A Literary Hub “Most Anticipated Book of 2020”
A meticulously detailed catalogue of ordinary people performing acts of extraordinary violence, The Century charts an awakening to structures of dominance and violence.
In the tradition of witness poetry, The Century tugs apart the quotidian horrors required to perpetuate acts of violence like the Holocaust, the deployment of nuclear weapons in Japan and Iraq, American slavery and its lingering aftermath. When Éireann Lorsung writes of death and dying, of “bodies in the fields becoming the fields,” it’s the simplicity that’s most haunting. After a fire, “some of their skin moved off of them as they ran, a very / simple melting…” But these poems don’t just witness; they also resist and serve as models for resistant lives. Pushing back against form and grammar, constructions of time and geography, Lorsung traces decades of technological, geopolitical, and cultural shifts through generations and across continents as networks of dominance continue to be stubbornly upheld.
The Century is evasive but thorny, splintering in the mind. This collection is a reminder that the arrival of each new century, decade, or year brings with it an invitation to join ongoing movements of resistance, air pockets of hope in the waters that we all swim or drown in.
Like this book? Sign up for occasional updates
Praise and Prizes
“One question poet Éireann Lorsung asks in her new collection, The Century, is how citizens contribute to societal structures of violence and control. Slavery in the US and the Holocaust are but two of the most glaring examples. Lorsung’s collection comes at a time when studies about the roles average people played in the perpetuation of Nazism and Italian Fascism abound, to say nothing of the 'minor' violences that often define interpersonal relationships across lines of color, gender, creed, and more.”
“The Century is in part a record of [Lorsung] grappling with her responsibility as a white person within a system she believes is rigged in favor of whiteness. Throughout the book, she returns to images—of thread, fog, and scrims—to track how her upbringing trained her not to see certain aspects of race . . . It feels remarkably prescient after a summer of nationwide protests following the killings of George Floyd and Breonna Taylor by police.”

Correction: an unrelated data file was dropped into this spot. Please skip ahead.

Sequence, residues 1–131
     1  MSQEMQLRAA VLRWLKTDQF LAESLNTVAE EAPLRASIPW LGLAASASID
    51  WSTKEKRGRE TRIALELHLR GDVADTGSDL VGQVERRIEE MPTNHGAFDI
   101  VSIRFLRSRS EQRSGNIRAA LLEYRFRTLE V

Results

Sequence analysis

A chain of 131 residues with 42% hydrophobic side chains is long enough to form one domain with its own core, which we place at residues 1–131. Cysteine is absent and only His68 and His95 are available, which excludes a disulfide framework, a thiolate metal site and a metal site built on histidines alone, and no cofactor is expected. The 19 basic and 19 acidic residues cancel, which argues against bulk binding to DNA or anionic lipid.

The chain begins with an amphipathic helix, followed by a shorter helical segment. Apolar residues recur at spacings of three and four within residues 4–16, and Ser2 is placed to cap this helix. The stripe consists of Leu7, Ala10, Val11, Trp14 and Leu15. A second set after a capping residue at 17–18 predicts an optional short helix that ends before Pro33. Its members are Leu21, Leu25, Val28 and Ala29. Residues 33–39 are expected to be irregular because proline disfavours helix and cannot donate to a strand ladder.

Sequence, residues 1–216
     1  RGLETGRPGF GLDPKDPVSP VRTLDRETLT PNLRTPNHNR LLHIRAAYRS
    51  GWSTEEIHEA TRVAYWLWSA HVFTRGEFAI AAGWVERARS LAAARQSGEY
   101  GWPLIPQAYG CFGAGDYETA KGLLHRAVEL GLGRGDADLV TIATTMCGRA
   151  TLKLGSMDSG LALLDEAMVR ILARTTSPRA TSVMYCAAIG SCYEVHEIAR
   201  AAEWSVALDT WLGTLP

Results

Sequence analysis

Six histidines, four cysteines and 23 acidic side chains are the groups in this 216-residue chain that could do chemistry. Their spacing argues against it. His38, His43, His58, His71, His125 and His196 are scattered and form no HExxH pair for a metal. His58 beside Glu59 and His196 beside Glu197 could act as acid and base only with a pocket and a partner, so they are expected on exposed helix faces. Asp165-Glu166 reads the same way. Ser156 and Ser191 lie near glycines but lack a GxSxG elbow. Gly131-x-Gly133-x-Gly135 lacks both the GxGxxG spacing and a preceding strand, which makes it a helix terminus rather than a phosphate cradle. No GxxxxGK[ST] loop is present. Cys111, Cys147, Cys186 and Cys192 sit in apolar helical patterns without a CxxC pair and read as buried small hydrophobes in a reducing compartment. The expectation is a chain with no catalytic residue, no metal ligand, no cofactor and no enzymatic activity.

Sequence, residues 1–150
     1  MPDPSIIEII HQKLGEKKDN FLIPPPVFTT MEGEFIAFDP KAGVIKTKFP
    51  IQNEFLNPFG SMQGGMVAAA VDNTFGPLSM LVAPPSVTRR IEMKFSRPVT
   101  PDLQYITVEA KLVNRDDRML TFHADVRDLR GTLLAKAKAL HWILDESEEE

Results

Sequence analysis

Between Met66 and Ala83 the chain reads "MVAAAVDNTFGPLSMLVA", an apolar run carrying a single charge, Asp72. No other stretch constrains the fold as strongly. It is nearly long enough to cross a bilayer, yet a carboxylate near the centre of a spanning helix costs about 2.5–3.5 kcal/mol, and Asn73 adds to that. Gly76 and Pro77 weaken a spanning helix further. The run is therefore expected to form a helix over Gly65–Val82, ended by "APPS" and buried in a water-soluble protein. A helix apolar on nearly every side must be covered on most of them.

“Éireann Lorsung’s The Century looks back and locates its necessary ethical work in the ongoing half-life of our irradiated past, seeking nothing less than to own up to, if not reconcile, the complexities and complicities of our moral failures. Those failures, from the bloody history of racism to the violent light of nuclear war, lurk in us as does a radioactive isotope, decaying us from within. Lorsung knows beauty cannot end our responsibility, and it is not beauty these poems seek. They search instead for something vastly more important, the ethics hidden in aesthetics, a realization by which we might find some means to alter our awful ways, to stop ourselves from wielding force against another, to stall the force that uses us for its tool, to not let our own hands become hammers breaking themselves apart. Let us be honest. Let us be sane. This book is our textbook for the education we most need.”
“With The Century, Éireann Lorsung braces us for—and against—the tectonic ‘crush of history.’ These poems are a reminder that every instant is itself nested among names and infinite correspondences, phantom loves and testimonies, the knots of languages and artifacts that give it life, that weigh it with grief. And so it is time to map our wrecks, to reckon with Lampedusa, Americium, Nasiriyah—to face the public square, the spectres of Pacific atolls, the warm shadows of fathers and brothers, uncles and mothers. As Adrienne Rich once wrestled with how the ‘reading or hearing of a poem can transform consciousness,’ Lorsung activates the past, the future and the ‘even now,’ challenging us to trust that ‘There is no excuse for not learning / to see. No excuse for not learning to / listen. No excuse not to work.’ ”
“In her new collection, Éireann Lorsung vividly enacts poetry as archeology, where each line glistens with sobering light in a careful unmasking that insists upon an urgent question: “To see, or not to see./ Who can not see?” The Century embarks on a deeply honest reckoning with the mythology of white innocence, artfully sifting through history’s wreckage to turn over the missing obscured by monument, redaction, atom-splitting, social geography—the inventory goes on. The past and future are each wings tethered to a questioning gaze, naked, blinking the light. Yet these poems pulse steadily in the heart of this moment, unwavering, and most of all tender, as “the silver-tipped fingers holding this pen” seek a new kind of seeing that asks us to hold each other whole."